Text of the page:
Opinion

If it weren’t for Woodrow Wilson, I’d be able to watch ‘Vegas’ on Tuesday night

Photo of Thaddeus G. McCotter
Thaddeus G. McCotter
Former Member of Congress

Sixteen presidents later, the answer to Wilson’s rhetorical question is: “Yeah, dude, it is an impertinent intrusion on my prime-time viewing.” In fact, so is every televised State of the Union/media extravaganza, because all contain echoes of Wilson’s turgid prose, fleeting promises, flawed predictions and self-serving rhetorical questions. In sum, none of these “Annual Messages” enlighten the American people as to whether Sheriff Jack will finally “get the message” from Assistant District Attorney Kathleen’s coquettish hints.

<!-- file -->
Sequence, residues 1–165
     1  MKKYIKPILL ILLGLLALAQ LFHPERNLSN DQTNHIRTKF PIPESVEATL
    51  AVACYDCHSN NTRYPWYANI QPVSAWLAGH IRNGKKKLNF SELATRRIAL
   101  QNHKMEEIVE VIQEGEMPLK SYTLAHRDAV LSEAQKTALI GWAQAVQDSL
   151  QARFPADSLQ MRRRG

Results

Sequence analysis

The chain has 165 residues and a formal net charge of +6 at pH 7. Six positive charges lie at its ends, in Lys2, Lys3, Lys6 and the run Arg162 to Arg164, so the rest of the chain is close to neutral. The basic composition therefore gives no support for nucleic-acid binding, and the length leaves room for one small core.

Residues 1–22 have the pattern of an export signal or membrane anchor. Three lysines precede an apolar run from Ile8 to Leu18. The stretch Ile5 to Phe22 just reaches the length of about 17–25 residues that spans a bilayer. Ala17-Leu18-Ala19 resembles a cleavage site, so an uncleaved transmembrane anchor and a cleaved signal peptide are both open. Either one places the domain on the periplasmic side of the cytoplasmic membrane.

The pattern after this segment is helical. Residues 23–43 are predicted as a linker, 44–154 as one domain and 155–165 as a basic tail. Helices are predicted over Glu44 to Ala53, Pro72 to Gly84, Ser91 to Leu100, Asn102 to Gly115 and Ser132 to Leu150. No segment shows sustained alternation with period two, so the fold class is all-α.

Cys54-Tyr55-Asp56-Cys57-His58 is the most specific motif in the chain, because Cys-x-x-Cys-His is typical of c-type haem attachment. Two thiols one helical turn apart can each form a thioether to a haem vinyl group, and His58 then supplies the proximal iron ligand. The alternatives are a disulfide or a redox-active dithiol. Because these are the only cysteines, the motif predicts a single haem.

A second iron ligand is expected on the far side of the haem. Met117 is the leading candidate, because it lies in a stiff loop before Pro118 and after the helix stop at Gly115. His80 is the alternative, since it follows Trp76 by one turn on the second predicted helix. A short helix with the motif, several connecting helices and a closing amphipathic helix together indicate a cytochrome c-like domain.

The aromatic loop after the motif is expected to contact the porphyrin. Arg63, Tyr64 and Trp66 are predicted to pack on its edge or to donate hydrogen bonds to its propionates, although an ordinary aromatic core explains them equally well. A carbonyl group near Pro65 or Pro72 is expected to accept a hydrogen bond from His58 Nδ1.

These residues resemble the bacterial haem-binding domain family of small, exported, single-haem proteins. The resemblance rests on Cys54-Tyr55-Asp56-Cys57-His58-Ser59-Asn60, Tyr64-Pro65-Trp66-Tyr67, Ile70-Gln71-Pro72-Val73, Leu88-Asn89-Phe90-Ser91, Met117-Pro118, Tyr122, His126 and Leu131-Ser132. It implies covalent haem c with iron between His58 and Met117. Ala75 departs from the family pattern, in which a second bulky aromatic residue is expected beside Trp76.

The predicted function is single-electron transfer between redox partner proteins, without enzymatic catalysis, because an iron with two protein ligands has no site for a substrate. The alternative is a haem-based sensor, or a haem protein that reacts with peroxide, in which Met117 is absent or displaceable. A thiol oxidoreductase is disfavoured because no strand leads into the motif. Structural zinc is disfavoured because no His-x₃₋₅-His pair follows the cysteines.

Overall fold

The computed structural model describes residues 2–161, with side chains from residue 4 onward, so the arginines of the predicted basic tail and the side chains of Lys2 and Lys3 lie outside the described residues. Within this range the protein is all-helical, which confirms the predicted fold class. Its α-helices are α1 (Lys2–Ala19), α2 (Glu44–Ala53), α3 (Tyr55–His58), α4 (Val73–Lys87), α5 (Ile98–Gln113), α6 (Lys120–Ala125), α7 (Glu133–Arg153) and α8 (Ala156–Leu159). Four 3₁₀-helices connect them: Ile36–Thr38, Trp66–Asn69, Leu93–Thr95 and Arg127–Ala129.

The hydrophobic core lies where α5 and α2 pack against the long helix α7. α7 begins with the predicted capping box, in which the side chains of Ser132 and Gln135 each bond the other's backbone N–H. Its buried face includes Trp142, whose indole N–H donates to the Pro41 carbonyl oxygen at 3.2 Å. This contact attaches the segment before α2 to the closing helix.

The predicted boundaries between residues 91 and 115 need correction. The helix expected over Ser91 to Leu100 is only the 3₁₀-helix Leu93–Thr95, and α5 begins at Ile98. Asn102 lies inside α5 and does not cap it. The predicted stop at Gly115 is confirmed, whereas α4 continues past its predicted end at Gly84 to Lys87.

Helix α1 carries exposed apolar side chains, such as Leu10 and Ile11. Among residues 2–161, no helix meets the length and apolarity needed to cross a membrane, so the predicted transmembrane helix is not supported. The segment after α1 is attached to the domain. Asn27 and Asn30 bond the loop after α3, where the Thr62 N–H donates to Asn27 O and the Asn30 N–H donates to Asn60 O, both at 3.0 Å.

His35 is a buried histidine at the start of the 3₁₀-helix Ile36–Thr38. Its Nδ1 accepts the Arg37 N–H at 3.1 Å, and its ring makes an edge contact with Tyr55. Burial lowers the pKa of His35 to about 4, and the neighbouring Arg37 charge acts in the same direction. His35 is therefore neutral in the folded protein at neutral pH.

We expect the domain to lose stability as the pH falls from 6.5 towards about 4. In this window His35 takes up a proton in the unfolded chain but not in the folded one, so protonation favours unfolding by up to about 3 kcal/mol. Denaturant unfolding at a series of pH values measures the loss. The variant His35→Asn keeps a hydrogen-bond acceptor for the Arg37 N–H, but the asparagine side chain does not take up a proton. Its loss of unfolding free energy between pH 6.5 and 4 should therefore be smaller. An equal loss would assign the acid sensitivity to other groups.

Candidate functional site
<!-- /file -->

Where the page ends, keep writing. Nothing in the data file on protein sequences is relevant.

Fortunately for Wilson, some new developments have insulated his legacy from his new tradition’s impertinent intrusion on prime-time viewers. The Instant Age provides a multiplicity of media options other generations were denied. Consequently, we’re not bound by the major networks’ old monopoly on prime-time entertainment. There are ways for us to be entertained Tuesday night.

Ironically, this also applies to the president’s “Annual Message.” Our age provides unprecedented technological tools that empower Americans to make their own determinations about the state of the Union — and to express their views on achieving a more perfect one. So do Americans still need the State of the Union speech aired live when they can find it online at their convenience?

Regardless, until the day President Obama or one of his successors starts the truly new tradition of an “Annual Email to Congress,” President Wilson’s somnambulant prime-time television legacy should keep his apologists awake at night (unlike State of the Union viewers).

Why?

Because Vincent Savino brooks no disrespect.

Guitarist Thaddeus G. McCotter is a recovering Congressbum and counsel at the Detroit law firm of Ottenwess, Allman & Taweel, PLC.